What about keeping the current stock of paper money unchanged. Would that not do the trick? An unchanged money stock will cause an almost immediate breakdown of the present monetary system. After all, the present system survives because the central bank, by means of monetary injections, prevents the fractional reserve banks from going bankrupt. 

It is therefore not surprising that the central bank must always resort to large monetary injections when there is a threat from various political or economic shocks. How long the central bank can keep the present system going is dependent upon the state of the pool of savings. As long as this pool is still growing, the central bank is likely to succeed in keeping the system alive. 

Once the pool of savings begins to stagnate – or, even worse, shrink – then no amount of monetary pumping will be able to prevent the implosion of the system. 

Conclusion 

Since the present monetary system is fundamentally unstable, there cannot be a “correct” money supply growth rate. The present monetary system emerged because central authorities allowed the practice of issuing banknotes that are not fully covered by gold. In order to sustain such a system, the central bank was introduced. By means of ongoing monetary management, the central bank’s job is to prevent banks from bankrupting each other during the clearance of checks. Whether the central bank injects money in accordance with economic activity or fixes the money supply growth rate, it continuously destabilizes the system.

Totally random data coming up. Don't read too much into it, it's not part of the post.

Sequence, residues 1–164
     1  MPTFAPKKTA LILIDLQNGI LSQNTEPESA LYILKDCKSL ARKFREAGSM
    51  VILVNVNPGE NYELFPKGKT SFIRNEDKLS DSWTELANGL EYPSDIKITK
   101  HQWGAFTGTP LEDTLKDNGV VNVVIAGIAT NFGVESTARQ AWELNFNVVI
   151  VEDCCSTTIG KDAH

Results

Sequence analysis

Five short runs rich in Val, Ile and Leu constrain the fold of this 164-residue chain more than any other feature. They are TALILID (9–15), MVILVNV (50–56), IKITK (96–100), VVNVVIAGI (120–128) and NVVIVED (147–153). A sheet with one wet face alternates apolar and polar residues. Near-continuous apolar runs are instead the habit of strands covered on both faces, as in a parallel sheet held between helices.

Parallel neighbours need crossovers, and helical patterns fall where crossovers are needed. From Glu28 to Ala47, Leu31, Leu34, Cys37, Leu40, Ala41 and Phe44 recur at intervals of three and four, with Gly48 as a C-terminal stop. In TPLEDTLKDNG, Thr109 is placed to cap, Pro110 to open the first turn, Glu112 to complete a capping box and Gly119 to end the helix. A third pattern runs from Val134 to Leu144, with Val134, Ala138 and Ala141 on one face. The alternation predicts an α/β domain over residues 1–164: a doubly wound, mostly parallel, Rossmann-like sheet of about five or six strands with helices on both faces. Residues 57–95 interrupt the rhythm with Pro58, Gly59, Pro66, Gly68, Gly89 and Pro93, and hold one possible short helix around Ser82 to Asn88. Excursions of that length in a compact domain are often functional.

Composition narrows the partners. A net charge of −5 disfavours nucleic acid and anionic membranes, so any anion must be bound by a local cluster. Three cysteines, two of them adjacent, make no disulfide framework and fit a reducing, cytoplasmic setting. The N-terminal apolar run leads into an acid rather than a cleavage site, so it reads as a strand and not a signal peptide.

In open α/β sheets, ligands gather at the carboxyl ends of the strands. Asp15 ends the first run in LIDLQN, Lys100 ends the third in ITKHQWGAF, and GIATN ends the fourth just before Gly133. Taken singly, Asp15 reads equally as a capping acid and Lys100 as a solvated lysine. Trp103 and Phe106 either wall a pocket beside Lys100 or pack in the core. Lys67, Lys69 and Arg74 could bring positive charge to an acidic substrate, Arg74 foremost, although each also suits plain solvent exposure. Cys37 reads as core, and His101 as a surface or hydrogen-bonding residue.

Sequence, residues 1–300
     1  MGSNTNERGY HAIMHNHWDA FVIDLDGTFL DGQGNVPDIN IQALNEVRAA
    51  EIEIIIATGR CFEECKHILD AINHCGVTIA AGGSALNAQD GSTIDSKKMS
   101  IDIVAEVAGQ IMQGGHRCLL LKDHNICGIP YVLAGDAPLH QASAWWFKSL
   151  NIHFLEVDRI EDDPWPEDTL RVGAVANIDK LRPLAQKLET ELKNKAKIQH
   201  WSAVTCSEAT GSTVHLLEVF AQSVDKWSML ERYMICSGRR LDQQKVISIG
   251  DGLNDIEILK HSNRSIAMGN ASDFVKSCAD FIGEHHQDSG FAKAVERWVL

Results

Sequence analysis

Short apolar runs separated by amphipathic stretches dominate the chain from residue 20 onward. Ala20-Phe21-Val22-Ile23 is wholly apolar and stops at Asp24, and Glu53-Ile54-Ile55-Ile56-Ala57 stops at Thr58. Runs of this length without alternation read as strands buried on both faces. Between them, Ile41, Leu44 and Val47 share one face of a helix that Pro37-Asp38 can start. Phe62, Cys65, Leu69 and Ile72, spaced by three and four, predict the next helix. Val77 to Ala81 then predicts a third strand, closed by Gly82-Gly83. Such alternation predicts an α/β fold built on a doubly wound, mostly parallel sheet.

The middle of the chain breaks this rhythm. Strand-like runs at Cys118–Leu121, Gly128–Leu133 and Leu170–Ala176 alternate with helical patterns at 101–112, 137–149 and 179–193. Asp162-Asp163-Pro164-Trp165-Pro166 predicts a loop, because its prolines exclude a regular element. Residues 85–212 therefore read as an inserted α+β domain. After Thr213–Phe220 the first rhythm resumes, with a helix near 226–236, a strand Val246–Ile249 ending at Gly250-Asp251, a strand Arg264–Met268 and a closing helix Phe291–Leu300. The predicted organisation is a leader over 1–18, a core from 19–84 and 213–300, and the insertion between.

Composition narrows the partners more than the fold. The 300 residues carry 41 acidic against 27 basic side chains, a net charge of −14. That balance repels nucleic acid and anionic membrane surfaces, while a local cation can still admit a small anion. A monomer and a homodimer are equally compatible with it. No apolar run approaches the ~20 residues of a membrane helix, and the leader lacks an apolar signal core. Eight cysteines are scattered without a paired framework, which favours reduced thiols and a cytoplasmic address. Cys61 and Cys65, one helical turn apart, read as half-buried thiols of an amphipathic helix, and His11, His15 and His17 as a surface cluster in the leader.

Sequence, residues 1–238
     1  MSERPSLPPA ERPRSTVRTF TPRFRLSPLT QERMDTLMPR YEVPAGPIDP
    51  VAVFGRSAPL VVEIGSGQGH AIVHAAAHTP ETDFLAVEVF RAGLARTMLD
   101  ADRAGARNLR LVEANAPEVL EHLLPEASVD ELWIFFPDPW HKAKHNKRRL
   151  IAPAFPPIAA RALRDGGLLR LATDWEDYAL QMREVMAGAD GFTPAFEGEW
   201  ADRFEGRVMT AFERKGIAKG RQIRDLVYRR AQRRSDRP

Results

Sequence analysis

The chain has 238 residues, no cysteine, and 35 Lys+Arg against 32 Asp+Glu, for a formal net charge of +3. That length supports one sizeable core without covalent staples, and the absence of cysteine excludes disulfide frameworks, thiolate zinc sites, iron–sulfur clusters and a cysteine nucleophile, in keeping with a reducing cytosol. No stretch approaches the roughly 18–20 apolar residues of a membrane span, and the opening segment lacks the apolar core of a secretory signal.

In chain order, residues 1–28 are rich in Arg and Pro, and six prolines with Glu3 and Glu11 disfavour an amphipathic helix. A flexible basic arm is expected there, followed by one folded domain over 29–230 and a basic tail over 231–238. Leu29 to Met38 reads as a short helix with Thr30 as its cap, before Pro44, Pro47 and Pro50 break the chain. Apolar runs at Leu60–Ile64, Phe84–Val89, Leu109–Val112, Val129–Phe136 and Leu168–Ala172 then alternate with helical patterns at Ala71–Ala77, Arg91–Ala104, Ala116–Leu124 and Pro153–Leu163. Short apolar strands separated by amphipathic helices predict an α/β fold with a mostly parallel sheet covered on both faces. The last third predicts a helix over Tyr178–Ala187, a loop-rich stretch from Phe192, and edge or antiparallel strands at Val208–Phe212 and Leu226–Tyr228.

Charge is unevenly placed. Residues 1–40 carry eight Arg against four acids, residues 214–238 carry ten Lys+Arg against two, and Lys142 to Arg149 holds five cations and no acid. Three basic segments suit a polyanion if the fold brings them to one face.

More from Dr Frank Shostak
The Fed and interest rates
Most experts agree that through the manipulation of short-term interest rates, the...
Read More
0 replies on “Why the idea of an optimum growth rate of money supply is questionable”